Waste Reduction Week - The Power of Sharing to Reduce Waste

recycling
waste-reduction
sharing-economy

(Bettina) #1

At the Ottawa Tool Library, it’s no surprise that we’re huge proponents of waste reduction and see it as part of our core mission. As the name suggests, we’re a tool lending library in Ottawa. We provide access to tools and skills for our members. We also host Repair Cafés, community demo nights, workshops, and other events to share expertise and empower our community.

We understand that it’s easy to feel overwhelmed or discouraged about our collective environmental impact, or be unsure of how to promote change. We’re very proud to be featured with a variety of friends from various other great community organizations about how we each work to divert waste; in the case of the OTL, we share, repair, and swap.

Share

As a library, our fundamental aim is to promote sharing. Our inventory of over 2,000 tools means that a drill, ladder, wheelbarrow, table saw, or air compressor — each that would otherwise see its average lifetime household use in minutes or hours — can be effectively shared between dozens of people over its lifetime. This means that we collectively require (and produce!) far fewer tools, ultimately generating less waste in their production and eventual disposal. Our inventory is also entirely comprised of donated tools, which were once themselves relegated to attics, basements, and garages. When we do create waste, we’re careful to divert that too. Since 2015, we’ve disassembled and recycled unserviceable tools, and have recycled 2,822 pounds of steel, aluminum and copper to keep them out of landfill.

Repair

Through our series of Repair Cafés, funded with a generous OTF grant, we were able to run four events that repaired over 220 household goods, such as appliances, clothing, electronics, bikes, and toys, sharing not only our tools but also time and expertise of our generous volunteers. Most items were destined for landfill, but got a second life and further use thanks to our volunteer fixers. During these events, participants get to observe their own and other fixes, ask questions, and learn how to fix broken items. While many consumer goods are no longer made to last, it’s still possible to foster a culture of repair and teach our neighbours how to extend the life of their favourite jacket or coffee maker, sharpen their knives, and fix up a bike. We also host Learn to Mend events to repair textiles, and we repair and refurbish surplus tools for our inventory or resale.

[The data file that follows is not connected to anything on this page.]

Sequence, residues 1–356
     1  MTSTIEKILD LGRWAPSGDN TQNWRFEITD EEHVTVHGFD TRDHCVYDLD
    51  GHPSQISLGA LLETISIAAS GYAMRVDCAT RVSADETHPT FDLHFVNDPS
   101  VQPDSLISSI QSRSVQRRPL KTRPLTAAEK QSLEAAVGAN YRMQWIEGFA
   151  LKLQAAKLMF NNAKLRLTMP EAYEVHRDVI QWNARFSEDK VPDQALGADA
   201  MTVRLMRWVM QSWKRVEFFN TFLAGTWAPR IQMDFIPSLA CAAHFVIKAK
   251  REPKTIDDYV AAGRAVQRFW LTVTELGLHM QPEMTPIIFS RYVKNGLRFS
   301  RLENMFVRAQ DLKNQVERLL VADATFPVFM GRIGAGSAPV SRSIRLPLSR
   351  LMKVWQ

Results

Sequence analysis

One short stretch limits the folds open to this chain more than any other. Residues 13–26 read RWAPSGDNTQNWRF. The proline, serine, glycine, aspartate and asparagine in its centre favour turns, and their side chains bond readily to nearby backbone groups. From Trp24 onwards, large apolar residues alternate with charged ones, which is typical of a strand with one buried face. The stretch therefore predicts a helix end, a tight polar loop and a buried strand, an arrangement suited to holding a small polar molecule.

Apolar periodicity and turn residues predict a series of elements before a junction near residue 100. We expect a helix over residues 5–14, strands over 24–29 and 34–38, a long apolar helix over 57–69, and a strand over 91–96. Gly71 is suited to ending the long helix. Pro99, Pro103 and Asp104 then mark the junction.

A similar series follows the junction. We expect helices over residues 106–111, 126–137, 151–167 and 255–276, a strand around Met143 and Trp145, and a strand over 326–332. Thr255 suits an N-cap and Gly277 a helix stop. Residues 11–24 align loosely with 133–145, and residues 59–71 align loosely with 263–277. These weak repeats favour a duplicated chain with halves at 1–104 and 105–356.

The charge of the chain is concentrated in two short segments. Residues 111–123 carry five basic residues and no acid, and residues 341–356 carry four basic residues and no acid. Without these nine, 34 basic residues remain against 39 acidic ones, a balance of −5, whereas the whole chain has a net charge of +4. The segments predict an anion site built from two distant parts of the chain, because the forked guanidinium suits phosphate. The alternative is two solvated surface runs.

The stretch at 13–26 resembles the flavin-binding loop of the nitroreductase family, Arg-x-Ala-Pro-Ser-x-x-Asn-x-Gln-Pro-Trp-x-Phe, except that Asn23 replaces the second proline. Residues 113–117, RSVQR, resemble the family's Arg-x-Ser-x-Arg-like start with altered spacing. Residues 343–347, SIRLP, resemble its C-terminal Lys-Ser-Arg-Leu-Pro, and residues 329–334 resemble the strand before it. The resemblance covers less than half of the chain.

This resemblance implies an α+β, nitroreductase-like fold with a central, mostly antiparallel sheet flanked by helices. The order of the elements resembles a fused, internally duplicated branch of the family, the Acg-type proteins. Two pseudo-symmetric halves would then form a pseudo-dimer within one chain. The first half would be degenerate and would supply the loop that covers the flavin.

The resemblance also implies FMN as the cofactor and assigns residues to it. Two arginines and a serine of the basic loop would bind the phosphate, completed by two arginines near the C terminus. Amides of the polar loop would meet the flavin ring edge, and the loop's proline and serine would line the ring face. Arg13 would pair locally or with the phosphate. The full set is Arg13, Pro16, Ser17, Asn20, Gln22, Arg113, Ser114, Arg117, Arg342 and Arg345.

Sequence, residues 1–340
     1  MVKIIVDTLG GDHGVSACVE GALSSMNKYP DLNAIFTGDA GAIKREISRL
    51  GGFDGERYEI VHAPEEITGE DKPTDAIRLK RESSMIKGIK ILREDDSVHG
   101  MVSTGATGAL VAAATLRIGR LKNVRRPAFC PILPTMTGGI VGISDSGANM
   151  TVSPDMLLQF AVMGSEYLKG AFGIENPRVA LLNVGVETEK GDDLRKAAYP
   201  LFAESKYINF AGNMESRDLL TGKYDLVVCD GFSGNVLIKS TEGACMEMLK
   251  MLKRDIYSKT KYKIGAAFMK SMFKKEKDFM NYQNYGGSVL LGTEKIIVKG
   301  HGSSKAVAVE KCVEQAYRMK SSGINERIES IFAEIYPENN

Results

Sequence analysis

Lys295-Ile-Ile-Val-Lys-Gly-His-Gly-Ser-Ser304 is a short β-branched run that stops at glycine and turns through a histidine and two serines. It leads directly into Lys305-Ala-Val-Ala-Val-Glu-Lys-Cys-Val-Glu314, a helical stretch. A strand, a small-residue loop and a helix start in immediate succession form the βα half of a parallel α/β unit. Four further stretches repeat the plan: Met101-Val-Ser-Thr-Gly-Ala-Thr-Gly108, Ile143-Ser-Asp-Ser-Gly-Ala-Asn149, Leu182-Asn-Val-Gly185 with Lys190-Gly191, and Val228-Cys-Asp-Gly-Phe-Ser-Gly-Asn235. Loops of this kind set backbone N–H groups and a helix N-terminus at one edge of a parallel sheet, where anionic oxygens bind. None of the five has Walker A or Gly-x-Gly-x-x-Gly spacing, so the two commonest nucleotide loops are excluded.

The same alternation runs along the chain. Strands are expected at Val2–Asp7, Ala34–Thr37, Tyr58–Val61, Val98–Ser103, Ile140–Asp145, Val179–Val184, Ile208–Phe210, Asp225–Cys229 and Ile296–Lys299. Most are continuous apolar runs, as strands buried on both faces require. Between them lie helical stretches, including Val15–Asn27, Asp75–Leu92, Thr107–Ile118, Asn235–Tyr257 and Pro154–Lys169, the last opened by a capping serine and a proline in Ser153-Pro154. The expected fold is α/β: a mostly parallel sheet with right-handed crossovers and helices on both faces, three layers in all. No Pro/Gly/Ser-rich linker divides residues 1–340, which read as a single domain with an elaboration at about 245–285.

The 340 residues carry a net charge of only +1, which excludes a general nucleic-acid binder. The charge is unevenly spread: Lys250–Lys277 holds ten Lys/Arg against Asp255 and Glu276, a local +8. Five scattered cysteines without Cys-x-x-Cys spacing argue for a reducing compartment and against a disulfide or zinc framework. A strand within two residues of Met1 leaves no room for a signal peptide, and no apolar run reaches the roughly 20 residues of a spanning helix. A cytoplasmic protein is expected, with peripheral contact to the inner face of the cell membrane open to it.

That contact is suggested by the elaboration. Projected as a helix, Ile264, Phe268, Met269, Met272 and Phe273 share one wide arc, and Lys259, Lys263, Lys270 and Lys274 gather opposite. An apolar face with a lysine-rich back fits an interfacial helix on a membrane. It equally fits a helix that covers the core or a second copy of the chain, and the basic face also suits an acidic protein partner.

Repair Cafés originated in the Netherlands, and are now an international movement. Participants attend for free, and volunteers fix broken items to give them new life. The OTL hosted a series of such events with support from the OTF.

Swap

As part of our Learn to Mend series, we have hosted a clothing swap for participants and the mended items. We also hosted a swap for Synapcity’s 100 in 1 Day Ottawa event with plants, appliances, clothing, and other household goods. Sometimes items are no longer your style; swaps mean that you also get something new to you without spending money or buying new. Whatever isn’t selected is delivered to local charities, making a difference in our community.

100 in 1 Day originated in Bogotá as an effort to host 100 community-focused interventions in one day in a given city. In Canada, it is coordinated by Future Cities Canada, and here in Ottawa it is run by our friends at Synapcity.

These aren’t the only ways we work to reduce waste at the OTL. A kind donation of over 30 camping plates and mugs have meant that we’re able to host our many events without using disposable plates and cups. Even our merchandise includes a tote bag and reusable water bottle to promote reuse and avoid disposable alternatives. Our tools are also used to build micro-libraries in our community and by other community groups like our good friends at Hidden Harvest Ottawa.

Hopefully the efforts above illustrate that we see sustainability and waste diversion as a core component of our mission, and it is truly woven throughout our organization and activities.

  • How does your organization help to promote sharing, repair, reuse or recycling?
  • Do you have any ideas for how we can further divert waste?
  • Would you like to know any details from our efforts above?

Let us know in the comments!


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(Thea Silver) #2

Thanks @bettina for the great info! I’m really fortunate that my husband is an awesome fix-it guy - if it’s repairable in our house, it gets repaired!! Amazon has been amazing for that, as sometimes there’s an obscure part that needs replacing and he can somehow find it on Amazon!

Your post gets me thinking about our office - and maybe there’s a way to start a little office swap-share-repair club - even setting up a webpage on our office intranet could get this started. Something I’m definitely going to look into.

For those wanting some additional information on swap/share/repair - check out the resources through Waste Reduction Week in Canada.


(Bettina) #3

You’re right, @TSilver! Not just on Amazon, but sites like eBay or Kijiji too, as well as sometimes from manufacturer (often useful for tool parts). If you can’t find a part, you sometimes another broken device for sale. There are also sites like Instructables and YouTube which are super helpful if you don’t know how to repair or even open/disassemble a particular item or device (which isn’t always so obvious).